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Eater Young Guns Semifinalists Talk Career-Defining Moments

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On mentors, a-ha moments, and Saturday morning cooking shows.

Sister Pie, Detroit
Sister Pie, Detroit
Michelle and Chris Gerard

Earlier this month, Eater announced the 50 Young Guns semifinalists, a group of promising up-and-comers selected from hundreds of nominees. We surveyed each and every one of them, asking about their experiences, the challenges they've faced, and what they hope to accomplish in the future. We're publishing a selection of their answers over the next month, and the winners will be announced on June 8.

This week, Eater asked the semifinalists to share the moment they realized they should become a chef, sommelier, or GM. When did they know the industry was right for them?

When I successfully made my first loaf of bread from beginning to end. The feeling of having created something from nothing, something complex from something so elemental, was and still is addicting to this day.
— Bryan Baker, head baker, The Eveleigh, Los Angeles

In Savannah, GA: the mecca of hospitality. That Southern charm won me over and I realized that I could do what I love and make a living.
— Erica Catubig, sommelier/assistant wine buyer, Loulay, Seattle

There was no big 'a-ha' moment for me

I don't think there was any big "a-ha!" moment for me. I was living in Brooklyn after college, nannying and working at a juice bar, when I started filming a silly cooking show out of my apartment. From there, I got into the professional side of things and just kept moving forward. I'm still going, and I'm pretty darn happy about it.
—  Lisa Ludwinski, owner/head baker, Sister Pie, Detroit

I was very young (around four or five years old) making pancakes with my grandfather. It was the first thing I ever cooked. I was hooked from that moment on. I began watching the cooking shows that came in after the morning cartoons were over....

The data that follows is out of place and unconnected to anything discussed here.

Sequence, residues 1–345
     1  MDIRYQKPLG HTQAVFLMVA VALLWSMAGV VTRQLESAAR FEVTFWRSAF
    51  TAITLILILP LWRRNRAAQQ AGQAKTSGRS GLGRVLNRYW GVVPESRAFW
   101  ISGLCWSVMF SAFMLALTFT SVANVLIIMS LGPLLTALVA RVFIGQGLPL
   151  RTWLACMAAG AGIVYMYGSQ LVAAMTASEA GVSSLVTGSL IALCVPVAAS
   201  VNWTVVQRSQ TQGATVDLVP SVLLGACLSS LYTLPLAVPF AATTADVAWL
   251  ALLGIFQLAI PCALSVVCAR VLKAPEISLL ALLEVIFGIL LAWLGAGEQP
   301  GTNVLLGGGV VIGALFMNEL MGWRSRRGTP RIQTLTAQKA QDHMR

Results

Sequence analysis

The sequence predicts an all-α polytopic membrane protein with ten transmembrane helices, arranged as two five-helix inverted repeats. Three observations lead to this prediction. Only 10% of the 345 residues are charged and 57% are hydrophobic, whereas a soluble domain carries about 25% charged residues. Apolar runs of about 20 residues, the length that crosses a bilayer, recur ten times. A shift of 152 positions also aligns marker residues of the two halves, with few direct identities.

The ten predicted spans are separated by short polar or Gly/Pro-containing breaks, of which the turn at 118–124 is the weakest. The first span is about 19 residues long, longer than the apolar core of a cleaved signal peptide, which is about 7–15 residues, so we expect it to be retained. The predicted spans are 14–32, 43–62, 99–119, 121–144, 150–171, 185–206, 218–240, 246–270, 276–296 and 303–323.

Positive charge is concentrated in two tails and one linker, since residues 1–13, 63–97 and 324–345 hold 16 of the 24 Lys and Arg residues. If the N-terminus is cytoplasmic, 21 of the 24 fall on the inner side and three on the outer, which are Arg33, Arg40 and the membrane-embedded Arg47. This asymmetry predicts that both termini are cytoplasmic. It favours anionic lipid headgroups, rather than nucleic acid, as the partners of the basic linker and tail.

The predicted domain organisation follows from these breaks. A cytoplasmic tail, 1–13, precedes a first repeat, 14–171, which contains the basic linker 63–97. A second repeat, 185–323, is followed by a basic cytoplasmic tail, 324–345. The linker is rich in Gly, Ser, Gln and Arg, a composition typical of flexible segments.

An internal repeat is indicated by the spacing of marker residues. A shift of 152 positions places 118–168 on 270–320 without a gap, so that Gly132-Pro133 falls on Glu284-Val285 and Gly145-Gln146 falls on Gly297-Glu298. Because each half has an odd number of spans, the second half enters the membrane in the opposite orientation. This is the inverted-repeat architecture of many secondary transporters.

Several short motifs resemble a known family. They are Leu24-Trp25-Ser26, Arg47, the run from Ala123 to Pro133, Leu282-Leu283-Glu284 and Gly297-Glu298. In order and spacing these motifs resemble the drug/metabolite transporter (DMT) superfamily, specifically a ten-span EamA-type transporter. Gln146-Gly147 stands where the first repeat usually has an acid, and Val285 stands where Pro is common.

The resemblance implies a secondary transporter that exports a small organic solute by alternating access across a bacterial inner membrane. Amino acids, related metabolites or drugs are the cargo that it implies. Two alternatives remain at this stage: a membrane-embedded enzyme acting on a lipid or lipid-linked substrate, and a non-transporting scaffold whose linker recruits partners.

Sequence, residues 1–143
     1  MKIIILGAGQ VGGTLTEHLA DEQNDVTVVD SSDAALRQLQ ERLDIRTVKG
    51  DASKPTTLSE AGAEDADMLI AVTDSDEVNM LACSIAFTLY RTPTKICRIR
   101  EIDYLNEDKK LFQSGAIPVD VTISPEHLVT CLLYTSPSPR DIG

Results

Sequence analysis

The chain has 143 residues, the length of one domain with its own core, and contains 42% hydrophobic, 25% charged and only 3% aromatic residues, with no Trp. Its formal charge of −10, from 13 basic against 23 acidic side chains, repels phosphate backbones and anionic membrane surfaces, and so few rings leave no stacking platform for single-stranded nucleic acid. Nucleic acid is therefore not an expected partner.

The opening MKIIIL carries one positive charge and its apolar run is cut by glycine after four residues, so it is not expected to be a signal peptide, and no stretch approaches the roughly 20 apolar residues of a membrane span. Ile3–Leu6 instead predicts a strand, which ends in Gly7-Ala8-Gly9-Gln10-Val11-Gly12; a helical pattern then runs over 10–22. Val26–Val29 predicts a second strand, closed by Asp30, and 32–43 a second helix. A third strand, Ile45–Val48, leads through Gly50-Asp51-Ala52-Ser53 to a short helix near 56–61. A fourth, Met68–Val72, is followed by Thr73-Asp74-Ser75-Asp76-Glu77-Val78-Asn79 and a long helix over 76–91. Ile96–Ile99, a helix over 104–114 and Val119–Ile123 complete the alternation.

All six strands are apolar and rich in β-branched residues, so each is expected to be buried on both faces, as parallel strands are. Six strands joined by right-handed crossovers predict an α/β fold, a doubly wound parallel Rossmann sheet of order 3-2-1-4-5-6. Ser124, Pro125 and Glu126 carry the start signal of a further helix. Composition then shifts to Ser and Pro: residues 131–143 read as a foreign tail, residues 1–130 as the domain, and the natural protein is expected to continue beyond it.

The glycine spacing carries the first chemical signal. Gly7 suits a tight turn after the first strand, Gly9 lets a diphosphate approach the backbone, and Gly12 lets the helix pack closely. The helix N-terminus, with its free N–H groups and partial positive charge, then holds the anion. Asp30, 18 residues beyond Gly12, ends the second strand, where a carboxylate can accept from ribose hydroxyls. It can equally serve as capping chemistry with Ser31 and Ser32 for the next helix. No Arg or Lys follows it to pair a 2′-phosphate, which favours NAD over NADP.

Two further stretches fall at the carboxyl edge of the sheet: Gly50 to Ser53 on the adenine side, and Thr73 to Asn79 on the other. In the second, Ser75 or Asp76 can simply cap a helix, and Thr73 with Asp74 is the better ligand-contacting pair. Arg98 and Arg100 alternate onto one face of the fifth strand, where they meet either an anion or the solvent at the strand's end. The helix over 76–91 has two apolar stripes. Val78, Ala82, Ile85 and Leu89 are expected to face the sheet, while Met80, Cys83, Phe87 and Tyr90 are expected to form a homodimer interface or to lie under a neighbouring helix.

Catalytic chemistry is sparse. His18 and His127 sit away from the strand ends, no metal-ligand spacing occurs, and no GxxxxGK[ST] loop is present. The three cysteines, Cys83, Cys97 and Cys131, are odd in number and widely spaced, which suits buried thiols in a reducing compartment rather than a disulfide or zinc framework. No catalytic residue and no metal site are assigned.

— Joey Ward, executive chef, Gunshow, Atlanta

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Chris Hathcock of Gan Shan Station in Asheville; Paolo Bendez'u of Blue Plate Oysterette in LA.

After graduating college, I had a decision to make: follow my degree in forestry or stick with what I had been doing throughout college, cooking. I decided to move to Atlanta to work at Empire State South. About midway through my tenure there I think I finally started to get it and fell back in love with what I was doing. Being surrounded by a crew of badass cooks who all pushed each other was truly inspiring, and I think everyone who was there in that moment in time can say it was really something special.
— Christopher Hathcock, executive chef, Gan Shan Station, Asheville

I knew when I started delving into spirits and wine about five years ago in Austin. I never quite knew where in the industry I belonged and because of that, never considered it as a career. When I got behind a bar and started tasting wine, I knew this was the part of the industry I wanted to grow in.
— Rachel DelRocco, beverage director, Qui, Austin

It was gradually over the years... I went to culinary school after falling in love with cooking on a line. After that I could never get away from it. I bartended while attending culinary school — and fell in love with that side of it as well.
— Micah Melton, beverage director, The Aviary, Chicago

In March 2009, I was heading back to work in Montana after taking a quick break to help close the restaurant for the night when I saw my boss prepping in the kitchen on her day off. I asked her why she was working, and she said, "cooking is about bringing joy and happiness to people around the table and nurturing them with food, and I don't care if I have to roast prime rib on my day off." That's when I decided that I wanted to be a chef. Being a chef is not about working crazy long hours or following recipes, it's about creating experiences through food. The reward is to see people enjoy what you've created for them.
— Paolo Bendez'u, executive chef, Blue Plate Oysterette, Los Angeles

She said, 'I don't care if I have to roast prime rib on my day off'

I never really looked at opening the brewery as a career decision. It was more of a passion and a way for me to do something that I love doing while making a little bit of money.
— Luis Brignoni, founder/president, Wynwood Brewing Company, Miami

About 4 years ago, I sold all my stuff and left New Orleans to travel in Central America. I had decided I was sick of the service industry and wanted to see what else I could do with my life. I completed an English Teaching Certification Course in Costa Rica. After I was gone (from New Orleans) for about six months, I was applying for teaching jobs all over the world. However, I kept finding myself thinking about New Orleans, thinking about the service industry. I'd find myself at grocery stores in Panama looking at their wine selections to try and figure out the best quality buy. Ultimately, I decided that there was no point in continuing to travel if all I wanted was to go back to New Orleans and work in hospitality. I found a home at Galatoire's and it was one of the best decisions I ever made.
— Gabrielle Waxman, wine director, Galatoire's Restaurant, New Orleans

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